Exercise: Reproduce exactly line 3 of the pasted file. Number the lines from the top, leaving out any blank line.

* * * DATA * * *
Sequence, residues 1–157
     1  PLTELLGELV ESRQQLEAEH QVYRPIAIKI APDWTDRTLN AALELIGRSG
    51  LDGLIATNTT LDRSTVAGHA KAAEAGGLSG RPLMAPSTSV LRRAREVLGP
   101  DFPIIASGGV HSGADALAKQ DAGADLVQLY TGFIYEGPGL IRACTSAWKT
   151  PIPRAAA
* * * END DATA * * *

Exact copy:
    51  LDGLIATNTT LDRSTVAGHA KAAEAGGLSG RPLMAPSTSV LRRAREVLGP